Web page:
Just because a component fails in one application doesn’t mean it isn’t good for another. This preparation is too thin and creamy for use in a layered pastry, but would be excellent as a filling for éclairs, in Paris-Brest or in any number of other applications where its eggy silkiness would be an asset. It’s made from whole milk, so it’s a bit lighter than a standard pastry cream (often made with half heavy cream), and even though it has the same amount of sugar it doesn’t taste as sweet. To make it you’ll need:
the seeds of 1 vanilla bean
32 ounces (1 quart) whole milk
8 ounces sugar (1 cup plus one tablespoon)
12 egg yolks
2 ounces (1/4 cup) cornstarch
Start by combining the seeds of the vanilla bean with the milk in a medium saucepan and bring it to the boil.
Give it a good whisk every so often.
Meanwhile, combine the yolks and sugar in the bowl of a mixer fitted with the whip.
Whip on high for about three minutes until a thick ribbon drips off the whip.
With the mixer running on medium-low, add the cornstarch in a steady stream. Scrape the bowl to make sure it’s all incorporated.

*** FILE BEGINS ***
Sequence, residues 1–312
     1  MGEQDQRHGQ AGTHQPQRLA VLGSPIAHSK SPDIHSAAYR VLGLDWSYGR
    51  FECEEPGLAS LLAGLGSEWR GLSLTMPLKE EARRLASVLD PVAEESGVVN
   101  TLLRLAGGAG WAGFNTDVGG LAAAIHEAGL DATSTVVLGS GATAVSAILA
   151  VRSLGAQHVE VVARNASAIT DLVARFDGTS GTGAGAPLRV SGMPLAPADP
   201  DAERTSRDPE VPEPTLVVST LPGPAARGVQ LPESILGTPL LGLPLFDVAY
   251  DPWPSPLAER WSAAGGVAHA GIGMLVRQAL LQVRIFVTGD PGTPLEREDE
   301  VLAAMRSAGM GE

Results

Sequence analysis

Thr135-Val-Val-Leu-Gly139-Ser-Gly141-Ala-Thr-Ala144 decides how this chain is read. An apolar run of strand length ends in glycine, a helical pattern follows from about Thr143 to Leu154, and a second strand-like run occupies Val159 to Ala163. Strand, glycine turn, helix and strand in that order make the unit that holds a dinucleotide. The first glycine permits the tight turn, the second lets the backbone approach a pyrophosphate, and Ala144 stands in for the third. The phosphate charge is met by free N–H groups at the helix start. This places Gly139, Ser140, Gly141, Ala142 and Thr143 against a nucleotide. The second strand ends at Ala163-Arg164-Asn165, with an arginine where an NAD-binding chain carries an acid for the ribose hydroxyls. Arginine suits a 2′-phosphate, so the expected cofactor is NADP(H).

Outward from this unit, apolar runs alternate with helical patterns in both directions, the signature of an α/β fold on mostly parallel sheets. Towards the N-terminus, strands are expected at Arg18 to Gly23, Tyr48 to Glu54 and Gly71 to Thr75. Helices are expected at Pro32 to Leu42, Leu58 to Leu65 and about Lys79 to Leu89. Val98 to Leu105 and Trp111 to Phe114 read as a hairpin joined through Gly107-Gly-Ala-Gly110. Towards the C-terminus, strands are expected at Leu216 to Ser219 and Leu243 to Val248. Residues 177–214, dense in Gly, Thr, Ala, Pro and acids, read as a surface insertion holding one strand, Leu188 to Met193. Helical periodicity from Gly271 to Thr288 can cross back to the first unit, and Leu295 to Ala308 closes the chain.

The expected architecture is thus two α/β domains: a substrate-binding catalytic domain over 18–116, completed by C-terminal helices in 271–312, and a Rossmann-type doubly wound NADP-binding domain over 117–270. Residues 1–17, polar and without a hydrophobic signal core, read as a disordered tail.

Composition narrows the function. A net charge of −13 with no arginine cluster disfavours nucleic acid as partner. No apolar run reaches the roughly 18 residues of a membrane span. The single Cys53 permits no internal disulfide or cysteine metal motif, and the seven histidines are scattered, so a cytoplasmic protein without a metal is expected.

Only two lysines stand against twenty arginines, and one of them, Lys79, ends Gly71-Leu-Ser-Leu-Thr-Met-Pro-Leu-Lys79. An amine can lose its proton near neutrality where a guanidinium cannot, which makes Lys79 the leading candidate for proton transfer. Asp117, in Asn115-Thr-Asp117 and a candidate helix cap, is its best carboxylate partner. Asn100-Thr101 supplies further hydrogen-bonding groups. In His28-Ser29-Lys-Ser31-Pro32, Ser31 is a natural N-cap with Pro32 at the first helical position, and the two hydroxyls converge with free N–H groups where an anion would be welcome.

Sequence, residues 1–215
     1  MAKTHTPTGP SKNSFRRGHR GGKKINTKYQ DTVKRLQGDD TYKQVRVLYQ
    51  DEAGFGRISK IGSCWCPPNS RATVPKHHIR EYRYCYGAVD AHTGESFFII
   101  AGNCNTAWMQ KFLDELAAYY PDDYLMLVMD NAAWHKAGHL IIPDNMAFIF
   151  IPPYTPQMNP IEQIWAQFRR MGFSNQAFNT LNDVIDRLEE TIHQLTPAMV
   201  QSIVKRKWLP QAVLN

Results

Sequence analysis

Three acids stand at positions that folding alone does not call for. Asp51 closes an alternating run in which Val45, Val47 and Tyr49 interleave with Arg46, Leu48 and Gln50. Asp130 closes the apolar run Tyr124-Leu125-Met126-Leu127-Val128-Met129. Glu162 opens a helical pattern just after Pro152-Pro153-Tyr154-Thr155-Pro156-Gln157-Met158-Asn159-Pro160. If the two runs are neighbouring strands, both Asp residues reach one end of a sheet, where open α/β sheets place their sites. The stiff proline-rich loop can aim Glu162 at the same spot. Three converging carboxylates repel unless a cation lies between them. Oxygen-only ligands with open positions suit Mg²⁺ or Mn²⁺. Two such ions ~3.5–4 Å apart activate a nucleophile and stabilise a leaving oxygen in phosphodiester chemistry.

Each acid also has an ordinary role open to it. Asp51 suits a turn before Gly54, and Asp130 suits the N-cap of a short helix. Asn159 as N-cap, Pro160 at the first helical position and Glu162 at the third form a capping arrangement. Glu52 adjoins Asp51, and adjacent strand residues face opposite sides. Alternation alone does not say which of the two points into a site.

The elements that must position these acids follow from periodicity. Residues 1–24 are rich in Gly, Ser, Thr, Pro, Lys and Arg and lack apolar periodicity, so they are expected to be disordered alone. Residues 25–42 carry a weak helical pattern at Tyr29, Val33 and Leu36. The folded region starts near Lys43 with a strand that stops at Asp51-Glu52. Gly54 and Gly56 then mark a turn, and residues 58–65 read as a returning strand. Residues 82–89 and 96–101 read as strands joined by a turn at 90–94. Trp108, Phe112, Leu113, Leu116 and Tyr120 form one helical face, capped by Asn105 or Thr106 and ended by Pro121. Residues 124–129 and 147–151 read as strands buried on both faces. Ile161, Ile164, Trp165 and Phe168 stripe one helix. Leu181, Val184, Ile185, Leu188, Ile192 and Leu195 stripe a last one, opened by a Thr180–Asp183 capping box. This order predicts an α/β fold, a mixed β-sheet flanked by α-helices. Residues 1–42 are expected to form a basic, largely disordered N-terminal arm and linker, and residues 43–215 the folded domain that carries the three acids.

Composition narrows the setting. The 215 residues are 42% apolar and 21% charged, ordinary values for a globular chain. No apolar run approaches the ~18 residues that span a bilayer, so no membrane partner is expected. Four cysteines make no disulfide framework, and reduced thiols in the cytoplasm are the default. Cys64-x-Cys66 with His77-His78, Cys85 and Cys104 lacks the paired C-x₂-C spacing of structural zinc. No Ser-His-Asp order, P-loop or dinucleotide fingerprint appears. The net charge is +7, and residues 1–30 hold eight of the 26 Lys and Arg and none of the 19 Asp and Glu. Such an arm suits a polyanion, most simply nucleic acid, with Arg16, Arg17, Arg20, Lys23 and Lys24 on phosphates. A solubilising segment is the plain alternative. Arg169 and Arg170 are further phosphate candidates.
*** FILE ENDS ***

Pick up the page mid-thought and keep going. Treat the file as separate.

Now add the hot milk in a steady stream.
When it’s completely incorporated, pour the whole works back into the saucepan…
…and whisking steadily, bring the mixture up to boiling. Let it bubble — not violently — for about 45 seconds to a minute.
Pour it into a bowl, and allow it to cool for about ten minutes. Don’t worry about the foam, it’ll subside eventually.
Lay on some plastic wrap to prevent a skin from forming. About half a tablespoon of melted butter will accomplish the same thing.
If you make the full recipe, you’ll want to cool the bowl in an ice bath, then put it in the refrigerator. A half recipe will cool down enough in half an hour to be placed in the fridge on its own.
This is kind of a neat method, isn’t it? The all-in-the-mixer “whipped egg” technique creates a lighter and more elegant product than the standard whisk method, plus you don’t get any thick curds…eet iz very nice. But not for Napoleons.